?English is becoming duller, like an old hatchet,? Stewart said. ?The distinct languages in the world are like colored layers of sand in a bottle being shaken until they are no longer recognizable.?

    But more than just a word?s descriptive power, Janis Nuckolls, a sociology professor at BYU, said there is a specific worldview contained in the words of a language. Nuckolls specializes in Quechua, the largest indigenous language spoken throughout South America. The use of idiophones in Quechua gives words a particular symbolic ecology that Nuckolls said represents the culture?s animistic outlook on their world: a belief that everything has a life and energy.

    ?We live in a very disenchanted world,? Nuckolls said. ?Our culture of science constrains us in certain ways regarding our language use. You never know what you are losing with the unique usage that may never be formed again in a language.?

    But Ray Clifford, the director of the Center for Language Studies at BYU, is not alarmed. As language is constantly evolving, Clifford said even the English language of today would not be readily recognized by Shakespeare. To Clifford, the number of languages in existence today is evidence of man?s creativity. Despite fewer languages, the people of the world are increasing their ability to communicate across groups.

    ?The goal of world peace will never be achieved without mutual understanding,? Clifford said. ?You cannot achieve mutual understanding without effective communication, which shared language can provide.?

    And a connected world does have advantages. For many indigenous Mayan peoples, Spanish, as opposed to their native languages, is the means of obtaining advanced technology and better medicine ? imperative in an area of the world where half of the children die before they are two years old.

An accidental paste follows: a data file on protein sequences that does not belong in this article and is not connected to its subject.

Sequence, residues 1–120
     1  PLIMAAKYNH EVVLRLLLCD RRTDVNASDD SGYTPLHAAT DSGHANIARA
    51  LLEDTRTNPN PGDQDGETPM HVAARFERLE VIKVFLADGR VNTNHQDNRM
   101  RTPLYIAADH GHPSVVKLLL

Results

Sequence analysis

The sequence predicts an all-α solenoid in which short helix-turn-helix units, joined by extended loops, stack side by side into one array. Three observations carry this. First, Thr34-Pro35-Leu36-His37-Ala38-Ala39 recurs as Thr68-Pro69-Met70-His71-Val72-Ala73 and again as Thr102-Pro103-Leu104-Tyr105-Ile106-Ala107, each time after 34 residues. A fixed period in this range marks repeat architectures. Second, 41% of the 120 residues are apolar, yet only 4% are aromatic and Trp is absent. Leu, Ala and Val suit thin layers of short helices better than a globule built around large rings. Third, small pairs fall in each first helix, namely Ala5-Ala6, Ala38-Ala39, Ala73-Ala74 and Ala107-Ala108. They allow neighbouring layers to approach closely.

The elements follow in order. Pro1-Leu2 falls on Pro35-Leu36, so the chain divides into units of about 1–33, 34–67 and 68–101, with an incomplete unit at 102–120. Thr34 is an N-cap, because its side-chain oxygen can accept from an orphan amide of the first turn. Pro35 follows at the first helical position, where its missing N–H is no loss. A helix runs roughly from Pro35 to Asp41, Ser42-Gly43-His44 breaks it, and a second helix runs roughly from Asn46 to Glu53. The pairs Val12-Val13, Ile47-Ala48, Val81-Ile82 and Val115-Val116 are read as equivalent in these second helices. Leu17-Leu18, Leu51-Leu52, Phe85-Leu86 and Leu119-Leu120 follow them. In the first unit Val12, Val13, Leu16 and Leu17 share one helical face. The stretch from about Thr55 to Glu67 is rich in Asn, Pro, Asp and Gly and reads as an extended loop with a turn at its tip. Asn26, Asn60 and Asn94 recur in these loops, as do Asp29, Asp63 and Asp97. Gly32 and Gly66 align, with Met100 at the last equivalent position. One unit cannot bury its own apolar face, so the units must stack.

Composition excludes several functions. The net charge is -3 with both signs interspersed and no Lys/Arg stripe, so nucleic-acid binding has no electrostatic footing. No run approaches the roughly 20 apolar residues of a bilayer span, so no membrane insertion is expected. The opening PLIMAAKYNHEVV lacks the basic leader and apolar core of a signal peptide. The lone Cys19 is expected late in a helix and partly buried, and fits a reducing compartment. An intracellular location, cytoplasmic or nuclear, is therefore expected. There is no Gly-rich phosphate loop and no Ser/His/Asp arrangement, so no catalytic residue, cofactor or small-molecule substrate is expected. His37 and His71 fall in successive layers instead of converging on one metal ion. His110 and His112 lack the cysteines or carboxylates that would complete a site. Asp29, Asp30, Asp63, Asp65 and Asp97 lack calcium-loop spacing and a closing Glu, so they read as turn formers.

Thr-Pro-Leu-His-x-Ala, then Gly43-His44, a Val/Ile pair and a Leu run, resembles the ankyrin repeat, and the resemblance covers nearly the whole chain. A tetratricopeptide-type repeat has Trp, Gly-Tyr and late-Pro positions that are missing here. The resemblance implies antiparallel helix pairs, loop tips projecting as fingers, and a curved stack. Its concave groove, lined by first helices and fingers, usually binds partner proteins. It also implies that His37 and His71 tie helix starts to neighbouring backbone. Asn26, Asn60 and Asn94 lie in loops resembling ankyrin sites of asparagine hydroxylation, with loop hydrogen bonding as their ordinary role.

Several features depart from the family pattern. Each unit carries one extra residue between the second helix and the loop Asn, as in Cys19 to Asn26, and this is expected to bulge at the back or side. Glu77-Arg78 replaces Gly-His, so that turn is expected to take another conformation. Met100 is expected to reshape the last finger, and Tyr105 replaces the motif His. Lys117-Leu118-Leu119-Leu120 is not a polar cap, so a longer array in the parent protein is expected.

John Robertson, a linguistics professor at BYU, has worked extensively with indigenous Mayan languages for almost 40 years and said sacrificing the traditional languages for Spanish is a complex trade-off.

    ?The traditional languages are wonderful because of their beauty and complexity, but they are being taken over by Spanish,? Robertson said. ?Scientific advances are corrosive to the preservation of old traditions which are located in the language.?

    But perhaps cultural tradition and technological advancement don?t have to be mutually exclusive, seen through the efforts of many cultures that are working hard to preserve the languages of their past.

    Danny Cannon, a junior from Holliday, Utah, speaks K?ekchi?, one of more than 30 official languages in Guatemala. Cannon said the country has made so many languages official in order to preserve them. The government is also making great efforts to write languages down and require indigenous language education in the school system.

    ?I think that saving a language preserves more culture than anything,? Cannon said.

    Whatever the future of the world?s languages, professor Campbell said language will continue to be a marker of ethnic identity for its speakers. The speakers of Mam border Mexico and continue to be influenced by Spanish. If Mam is robust it may survive to echo the culture that created it, for if it disappears, although the voice of the people won?t die, part of their past will.

    There is another way to say goodbye in the Mayan language of Mam ? Q?onk chipena. It means strength to all.